The divide that separates pro-life and pro-choice advocates seems to have gotten deeper and wider since the Supreme Court’s stunning reversal of 50 years of precedent and two key decisions legalizing abortion.
If folks thought that bouncing the issue back to the states would somehow turn down the temperature with regard to this mother of all culture war issues, they quickly have been disabused of that notion.
Nearly every state and federal election will be the battlefield for the abortion debate, now and for the foreseeable future. Both parties see it as to their advantage to harden their positions, egged on by saturation media coverage.
How voters will react remains to be seen, but appeals for their votes are not subtle. Pro-lifers are painted as sex- and women-hating fanatics, while pro-choicers are described as having a cavalier attitude toward the extinguishing of human life, selfish and ugly to boot.
But amid all this heat, there is a bit of light. There are growing pro-life voices asking for a political reset. Whether appeals — including by the U.S. bishops — for more aid to mothers and children will have bipartisan appeal and provide a bit of common ground remains to be seen.
The U.S. bishops Aug. 1 issued a statement calling on Congress to act on a series of proposals to help moms and families, including an expanded child tax credit that would also help pregnant women, federal paid family leave policy, protection for pregnant workers and assistance for low-income families.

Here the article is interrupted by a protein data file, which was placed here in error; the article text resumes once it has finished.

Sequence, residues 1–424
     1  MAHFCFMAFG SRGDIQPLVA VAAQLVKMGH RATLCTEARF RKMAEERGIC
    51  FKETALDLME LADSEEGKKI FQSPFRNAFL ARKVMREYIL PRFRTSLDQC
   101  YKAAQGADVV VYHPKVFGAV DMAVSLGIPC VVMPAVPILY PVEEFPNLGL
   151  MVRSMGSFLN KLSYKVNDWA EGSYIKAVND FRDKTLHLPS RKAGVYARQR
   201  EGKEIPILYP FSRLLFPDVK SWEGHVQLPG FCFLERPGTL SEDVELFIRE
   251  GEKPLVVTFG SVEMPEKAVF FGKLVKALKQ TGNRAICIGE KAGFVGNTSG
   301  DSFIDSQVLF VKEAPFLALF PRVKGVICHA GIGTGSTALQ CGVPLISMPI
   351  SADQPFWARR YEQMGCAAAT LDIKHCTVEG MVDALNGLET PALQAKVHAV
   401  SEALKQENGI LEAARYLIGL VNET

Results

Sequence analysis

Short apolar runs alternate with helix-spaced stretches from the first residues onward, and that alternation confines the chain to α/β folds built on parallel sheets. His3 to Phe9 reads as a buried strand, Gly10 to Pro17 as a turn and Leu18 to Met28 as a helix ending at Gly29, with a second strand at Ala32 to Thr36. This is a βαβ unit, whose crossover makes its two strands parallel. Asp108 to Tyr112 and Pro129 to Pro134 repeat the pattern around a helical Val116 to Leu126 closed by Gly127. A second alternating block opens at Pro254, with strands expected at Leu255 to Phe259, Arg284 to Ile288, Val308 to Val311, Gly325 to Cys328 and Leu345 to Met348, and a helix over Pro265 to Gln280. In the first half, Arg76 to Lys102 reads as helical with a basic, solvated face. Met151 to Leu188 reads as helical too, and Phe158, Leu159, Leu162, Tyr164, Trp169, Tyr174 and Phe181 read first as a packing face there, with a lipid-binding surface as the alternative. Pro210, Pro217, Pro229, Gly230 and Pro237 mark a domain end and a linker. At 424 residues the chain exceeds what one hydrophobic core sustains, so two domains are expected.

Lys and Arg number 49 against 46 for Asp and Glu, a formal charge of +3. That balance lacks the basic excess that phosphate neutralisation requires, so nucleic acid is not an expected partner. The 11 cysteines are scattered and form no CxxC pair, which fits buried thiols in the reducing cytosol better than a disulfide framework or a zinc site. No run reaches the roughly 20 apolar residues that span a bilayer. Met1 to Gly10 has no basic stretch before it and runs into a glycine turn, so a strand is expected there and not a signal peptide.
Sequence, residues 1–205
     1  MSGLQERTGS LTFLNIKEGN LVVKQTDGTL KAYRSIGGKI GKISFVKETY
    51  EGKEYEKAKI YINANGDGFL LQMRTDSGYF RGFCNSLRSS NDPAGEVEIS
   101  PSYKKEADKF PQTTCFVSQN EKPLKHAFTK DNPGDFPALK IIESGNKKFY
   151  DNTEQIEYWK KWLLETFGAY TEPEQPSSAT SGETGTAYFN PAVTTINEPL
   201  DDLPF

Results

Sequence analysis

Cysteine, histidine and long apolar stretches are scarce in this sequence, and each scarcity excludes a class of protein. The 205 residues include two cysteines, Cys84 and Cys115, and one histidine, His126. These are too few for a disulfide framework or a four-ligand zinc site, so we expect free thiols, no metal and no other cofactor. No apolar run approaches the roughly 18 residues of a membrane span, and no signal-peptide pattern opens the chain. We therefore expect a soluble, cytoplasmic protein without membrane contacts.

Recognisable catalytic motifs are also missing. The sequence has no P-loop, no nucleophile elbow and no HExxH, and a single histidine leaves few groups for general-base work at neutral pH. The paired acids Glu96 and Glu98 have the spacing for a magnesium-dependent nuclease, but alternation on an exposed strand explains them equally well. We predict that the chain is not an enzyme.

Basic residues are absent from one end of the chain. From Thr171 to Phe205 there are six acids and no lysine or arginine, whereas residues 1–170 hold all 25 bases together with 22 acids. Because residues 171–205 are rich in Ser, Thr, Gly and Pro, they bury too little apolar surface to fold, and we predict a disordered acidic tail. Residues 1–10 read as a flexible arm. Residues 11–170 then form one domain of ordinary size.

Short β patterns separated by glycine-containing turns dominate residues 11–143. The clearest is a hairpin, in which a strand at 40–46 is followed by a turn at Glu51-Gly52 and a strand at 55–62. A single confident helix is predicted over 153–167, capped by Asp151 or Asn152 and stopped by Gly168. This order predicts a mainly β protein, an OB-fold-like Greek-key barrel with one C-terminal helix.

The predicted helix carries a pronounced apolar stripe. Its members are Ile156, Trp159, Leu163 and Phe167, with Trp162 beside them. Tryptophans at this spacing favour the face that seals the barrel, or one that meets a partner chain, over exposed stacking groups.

Although some of these proposals have been advocated for years by liberals, conservatives are starting to climb on board. A Republican plan called the Family Security Act 2.0 is proposing a monthly cash benefit for children, starting four months prior to birth. While how it would be funded and who qualifies is likely to be debated, it is another hopeful sign.
Finding common ground isn’t a slam dunk. The New York Times July 28 reported that the states with the strictest anti-abortion laws often give the least aid to pregnant women and children and have higher maternal and infant mortality rates.
On the other hand, Michigan Gov. Gretchen Whitmer, a strong advocate of legal abortion, recently vetoed $20 million in funding to support adoption programs, pregnancy resource centers and grants to help struggling mothers.
Charles Camosy, a pro-life theologian who has long argued for finding ways to break out of the pro-anti impasse on abortion, is now calling for Pro-life 3.0 — a movement seeking common ground in support of pregnant women and families.
The very pregnancy resource centers that Gov. Whitmer is so unwilling to support — and which are vilified by pro-abortion groups like Jane’s Revenge — in fact, Camosy argues, provide an example of how women can be given more support, not less.
Despite what op-ed writers might believe, both pro-life and pro-choice women and men share a common concern for women. For the most part, both sides would agree that women should not be prosecuted for attempting an abortion. Both sides are concerned for maternal health and well-being. This shared concern may lead to legislation that protects both mother and baby.
For the U.S. bishops, this may be an opportunity to move beyond the impression that the church can only say no. Now is the time for the church to loudly say yes, taking its message to the pulpits, press and legislatures in support of expanded financial aid and health care for mothers and children.
The abortion battle has served the interests of both parties in polarizing their political bases. Perhaps the church can help bridge the divide, helping families and communities while saving lives.
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Erlandson, director and editor-in-chief of Catholic News Service, can be reached at email@example.com.